Sounds about right. In '89 people weren't so enthusiastic about insulation as they are today and building up the internal floor level with foundation spoil is a cheap fix. 100mm of concrete done properly would be OK and there may be rebar in it but probably not.

    Posted By: WillInAberdeenWe dug ours out and laid DPM, insulation and new screed, very pleased with results. Messy job of course. we were replacing all the wall linings at the same time. The dig is adjusted such that you end up with whatever final floor level you want. The finished floor is at room temperature so is pleasant to walk/sit/play on.

    This is the best fix but the most disruptive and expensive.

    Posted By: Kenny_M2. Lift the tiles (getting replaced with wood floors anyway) and lay insulation on top of the slab, and try to fit some external insulation around the perimeter at ground level (restricted by the fact one wall borders into a neighbour’s garden. Also very restricted as room height as 2230mm and I was also hoping to put some internal insulation on the roof!

    A cheaper option and perfectly feasible. Even 20mm of insulation with 12mm of engineered wood over will make a tremendous difference. And if you are going for this option - why lift the tiles, just put the insulation on the tiles.

    External insulation down to the foundations will also help and whilst I understand you have boundary issues on one side, doing the sides available will help. Have you spoken to the neighbour about getting their permission to insulate the boundary wall?
    • CommentAuthorgyrogear
    • CommentTimeJul 26th 2019
     
    Posted By: Peter_in_Hungarywhy lift the tiles, just put the insulation on the tiles.


    +1

    gg
    • CommentAuthorKenny_M
    • CommentTimeJul 26th 2019
     
    Thanks folks.

    The only reason I was considering digging up and not just laying over existing tiles is that the ceiling height is already low in that raised part (2230mm). 30mm for the floor takes me down to 2200mm and I had been planning internal insulation on ceiling, which brings me down to say 2170mm.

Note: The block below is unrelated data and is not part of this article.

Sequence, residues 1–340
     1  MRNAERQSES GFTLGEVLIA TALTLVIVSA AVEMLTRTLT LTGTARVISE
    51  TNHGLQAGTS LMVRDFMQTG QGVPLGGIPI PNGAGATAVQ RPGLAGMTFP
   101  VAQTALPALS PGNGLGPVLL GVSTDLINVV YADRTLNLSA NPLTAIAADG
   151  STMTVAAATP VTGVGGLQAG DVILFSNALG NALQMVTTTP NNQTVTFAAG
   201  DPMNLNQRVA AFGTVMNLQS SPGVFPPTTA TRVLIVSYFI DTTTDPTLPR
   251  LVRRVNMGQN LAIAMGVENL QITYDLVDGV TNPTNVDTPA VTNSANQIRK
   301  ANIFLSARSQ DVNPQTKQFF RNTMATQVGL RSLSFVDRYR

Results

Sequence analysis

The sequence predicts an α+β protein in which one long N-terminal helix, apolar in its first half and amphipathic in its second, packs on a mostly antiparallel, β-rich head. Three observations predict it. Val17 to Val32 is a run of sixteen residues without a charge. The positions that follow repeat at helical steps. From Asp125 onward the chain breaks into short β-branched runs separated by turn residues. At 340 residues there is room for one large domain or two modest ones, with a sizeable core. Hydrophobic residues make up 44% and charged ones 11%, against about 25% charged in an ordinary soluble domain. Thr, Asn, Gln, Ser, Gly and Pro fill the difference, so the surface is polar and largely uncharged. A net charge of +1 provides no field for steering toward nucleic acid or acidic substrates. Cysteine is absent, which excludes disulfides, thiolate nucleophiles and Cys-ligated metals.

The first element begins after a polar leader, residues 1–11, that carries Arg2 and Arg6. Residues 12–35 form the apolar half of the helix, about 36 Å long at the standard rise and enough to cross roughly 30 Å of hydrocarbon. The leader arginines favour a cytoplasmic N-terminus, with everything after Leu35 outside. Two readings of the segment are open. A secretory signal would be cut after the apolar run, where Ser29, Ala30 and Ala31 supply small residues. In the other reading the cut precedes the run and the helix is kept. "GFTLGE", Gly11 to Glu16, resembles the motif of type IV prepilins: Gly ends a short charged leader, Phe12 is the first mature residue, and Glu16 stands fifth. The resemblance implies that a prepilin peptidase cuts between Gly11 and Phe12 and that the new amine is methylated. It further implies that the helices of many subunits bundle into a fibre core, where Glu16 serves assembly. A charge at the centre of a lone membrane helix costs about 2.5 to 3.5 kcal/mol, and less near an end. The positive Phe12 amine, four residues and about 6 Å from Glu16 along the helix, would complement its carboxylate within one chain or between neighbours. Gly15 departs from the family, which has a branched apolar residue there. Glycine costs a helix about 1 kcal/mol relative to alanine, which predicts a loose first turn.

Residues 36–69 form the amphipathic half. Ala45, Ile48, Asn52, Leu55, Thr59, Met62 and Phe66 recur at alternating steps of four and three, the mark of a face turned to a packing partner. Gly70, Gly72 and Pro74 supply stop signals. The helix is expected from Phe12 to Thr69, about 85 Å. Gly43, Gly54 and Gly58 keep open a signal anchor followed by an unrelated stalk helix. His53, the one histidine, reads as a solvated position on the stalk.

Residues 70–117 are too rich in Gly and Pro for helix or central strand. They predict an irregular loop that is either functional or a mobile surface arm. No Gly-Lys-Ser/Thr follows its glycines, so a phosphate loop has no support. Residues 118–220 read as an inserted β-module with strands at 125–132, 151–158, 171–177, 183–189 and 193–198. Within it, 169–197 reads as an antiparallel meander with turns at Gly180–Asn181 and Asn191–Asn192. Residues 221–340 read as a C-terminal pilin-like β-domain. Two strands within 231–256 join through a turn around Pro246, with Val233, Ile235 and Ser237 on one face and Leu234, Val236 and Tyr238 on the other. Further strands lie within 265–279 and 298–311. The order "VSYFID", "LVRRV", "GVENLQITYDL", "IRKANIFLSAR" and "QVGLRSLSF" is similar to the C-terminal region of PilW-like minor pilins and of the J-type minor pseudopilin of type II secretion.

I can't find any regulations on minimum ceiling heights but have found guidelines stating a minimum of 2150mm so might work but could feel very low.

    If I insulate over the tiles can I run the insulation under the door? I think I read somewhere that spaces under doors need to be raised with treated wood when raising the floor level.
    •  
      CommentAuthordjh
    • CommentTimeJul 26th 2019
     
    Posted By: Peter_in_HungaryA cheaper option and perfectly feasible. Even 20mm of insulation with 12mm of engineered wood over will make a tremendous difference.

    Cheaper but not feasible. It won't meet Building Regs.
    •  
      CommentAuthordjh
    • CommentTimeJul 26th 2019
     
    Posted By: Kenny_MI can't find any regulations on minimum ceiling heights but have found guidelines stating a minimum of 2150mm so might work but could feel very low.

    IIRC, they were abolished some time ago. But low ceilings feel bad - a constant reminder of pennypinching. They also make the room much hotter, because there's nowhere for the hot air to escape up to.

    It's not that expensive to take up a floor. Just hire a jackhammer to break up the concrete, dig out the earth, lay a DPM and some insulation (oh after sand blinding) and then the most tricky bit is putting a new concrete slab on top.
    • CommentAuthorKenny_M
    • CommentTimeJul 26th 2019
     
    Thanks djh.

    Regarding the building regs, is that something I need to concern myself with as that part I would probably DIY? Don't mean that as a dismissal of importance of the regs, just that if the choice ends up being between improving energy efficiency or not doing anything because it won't meet the regs then the former would seem better.

    You reaffirm my concern about the low ceiling. Although as this is a raised area with steps up from the rest of the extension, it will probably feel more deliberate. And there is also a 1.2m2 skylight tunnel which add some feeling of height.